But Bryant’s favorite cars were made in Italy. TMZ reported that in 2012 he dropped $329,000 on a new Ferrarri. The car was a Ferrari 458 Italia, which he paid in full with a check. His salary that year was $25 million. TMZ compared the purchase for him to an average person buying a Honda.
Bryant’s love of Italian cars may have something to do with his personal history. He was born August 23, 1978 in Philadelphia. His dad, Joe Bryant, was a former Philadelphia 76ers player. After his dad retired, they moved to Italy, according to a Bryant biography.
“When Bryant was six, his father left the NBA and moved his family to Rieti in Italy to continue playing professional basketball,” the biography said. “Bryant became accustomed to his new lifestyle and learned to speak fluent Italian. During summers, he would come back to the United States to play in a basketball summer league.”
5. Kobe Bryant Owned Three Houses in Orange County Worth $18.8 Million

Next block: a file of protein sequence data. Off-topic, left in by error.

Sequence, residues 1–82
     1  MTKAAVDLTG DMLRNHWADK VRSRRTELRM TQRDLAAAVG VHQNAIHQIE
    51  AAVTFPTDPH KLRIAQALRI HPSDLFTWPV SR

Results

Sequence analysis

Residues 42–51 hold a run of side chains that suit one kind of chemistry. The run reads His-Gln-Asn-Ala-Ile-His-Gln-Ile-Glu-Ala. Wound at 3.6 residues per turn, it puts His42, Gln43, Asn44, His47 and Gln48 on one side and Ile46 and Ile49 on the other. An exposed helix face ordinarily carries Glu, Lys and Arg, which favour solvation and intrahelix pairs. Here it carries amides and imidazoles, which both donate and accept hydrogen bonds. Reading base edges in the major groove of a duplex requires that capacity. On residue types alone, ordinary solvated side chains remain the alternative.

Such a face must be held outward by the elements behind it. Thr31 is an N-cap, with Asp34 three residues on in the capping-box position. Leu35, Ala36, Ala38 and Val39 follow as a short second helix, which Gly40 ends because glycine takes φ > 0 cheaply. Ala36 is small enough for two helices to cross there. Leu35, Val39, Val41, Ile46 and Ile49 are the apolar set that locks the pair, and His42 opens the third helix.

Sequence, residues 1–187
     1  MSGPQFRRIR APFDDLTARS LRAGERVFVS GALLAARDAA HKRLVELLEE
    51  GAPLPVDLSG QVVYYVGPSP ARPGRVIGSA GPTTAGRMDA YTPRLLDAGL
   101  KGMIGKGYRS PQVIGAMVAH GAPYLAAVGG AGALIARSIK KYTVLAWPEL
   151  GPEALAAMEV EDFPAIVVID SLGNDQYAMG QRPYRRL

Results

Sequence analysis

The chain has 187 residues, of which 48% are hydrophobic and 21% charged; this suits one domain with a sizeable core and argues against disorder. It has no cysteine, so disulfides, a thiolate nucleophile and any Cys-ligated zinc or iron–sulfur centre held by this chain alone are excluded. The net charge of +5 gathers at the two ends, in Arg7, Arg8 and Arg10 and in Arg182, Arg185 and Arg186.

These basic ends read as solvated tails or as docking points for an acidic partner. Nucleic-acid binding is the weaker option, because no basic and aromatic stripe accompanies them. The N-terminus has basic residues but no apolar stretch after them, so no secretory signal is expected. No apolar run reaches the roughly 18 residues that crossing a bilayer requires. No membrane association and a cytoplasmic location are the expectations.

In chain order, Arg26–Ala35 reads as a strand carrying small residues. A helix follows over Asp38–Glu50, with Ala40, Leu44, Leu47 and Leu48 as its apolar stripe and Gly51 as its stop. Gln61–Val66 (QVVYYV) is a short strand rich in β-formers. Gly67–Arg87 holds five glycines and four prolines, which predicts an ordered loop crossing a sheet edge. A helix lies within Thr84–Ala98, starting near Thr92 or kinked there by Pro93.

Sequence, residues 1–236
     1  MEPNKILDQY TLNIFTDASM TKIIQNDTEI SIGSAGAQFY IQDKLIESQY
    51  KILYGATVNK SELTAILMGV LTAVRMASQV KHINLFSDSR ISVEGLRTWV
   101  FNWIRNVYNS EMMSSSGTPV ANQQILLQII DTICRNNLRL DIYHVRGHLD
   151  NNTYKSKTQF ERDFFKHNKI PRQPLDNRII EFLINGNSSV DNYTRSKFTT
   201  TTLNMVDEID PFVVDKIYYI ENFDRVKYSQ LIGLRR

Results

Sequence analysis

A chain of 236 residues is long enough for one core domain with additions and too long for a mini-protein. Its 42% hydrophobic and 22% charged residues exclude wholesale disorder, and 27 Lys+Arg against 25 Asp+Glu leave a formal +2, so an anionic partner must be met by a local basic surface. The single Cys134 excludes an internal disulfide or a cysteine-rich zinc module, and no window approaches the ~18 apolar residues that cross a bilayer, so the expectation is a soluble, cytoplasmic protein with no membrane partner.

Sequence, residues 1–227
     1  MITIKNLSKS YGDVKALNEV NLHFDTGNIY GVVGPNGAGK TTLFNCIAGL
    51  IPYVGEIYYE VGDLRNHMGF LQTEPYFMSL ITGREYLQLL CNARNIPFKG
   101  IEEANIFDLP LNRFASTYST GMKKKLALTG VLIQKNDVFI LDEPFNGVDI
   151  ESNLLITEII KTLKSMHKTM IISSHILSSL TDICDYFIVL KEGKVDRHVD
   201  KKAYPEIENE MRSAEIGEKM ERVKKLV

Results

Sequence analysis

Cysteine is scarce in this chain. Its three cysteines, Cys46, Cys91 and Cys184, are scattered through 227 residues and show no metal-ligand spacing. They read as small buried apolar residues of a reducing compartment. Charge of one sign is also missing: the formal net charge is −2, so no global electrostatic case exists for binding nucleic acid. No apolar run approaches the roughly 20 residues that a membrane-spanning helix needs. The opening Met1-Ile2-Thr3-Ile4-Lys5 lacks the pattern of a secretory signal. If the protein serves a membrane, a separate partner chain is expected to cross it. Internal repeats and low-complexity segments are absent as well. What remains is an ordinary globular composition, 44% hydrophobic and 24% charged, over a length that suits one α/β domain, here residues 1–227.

Kobe Bryant owned three houses in Orange County, California, which were worth a combined total of $18.8 million in 2012, according to Business Insider. None of them was located far from the Staples Center, where he played for the Los Angeles Lakers at the time.
He sold a house on the Newport Coast for $6.1 million in 2015, according to the Orange County Register. The selling price beat records, topping the real estate company’s second-highest sale of $4.78 million. He had the house on the market for years, initially listing it for 8.6 million in August 2013. The listed price shortly before a buyer struck a deal was $6.45 million.
The Mediterranean-style home includes a shark tank, a hair salon, a home theater with a lobby and an 850-square-foot gym. The 8,471-square-foot house has four bedrooms and a large office or library. It was built in 1997 on a cul de sac in a guard-gated neighborhood. It also has an “extra-deep” swimming pool, spa, lush gardens, a fire pit and an outdoor kitchen, the Register reported.
Bryant and his wife sold a nearby home in January 2013 for $3.2 million. They also bought a house under construction less than two miles away in 2008 for $9.45 million. That home is in a guard-gated community on a one-acre property with coastline views. The 14,500-square-foot, three-story Santa Barbara-style residence has six bedrooms and 11 bathrooms, along with a private pool, a five-car garage and two-story sport court, according to the Register.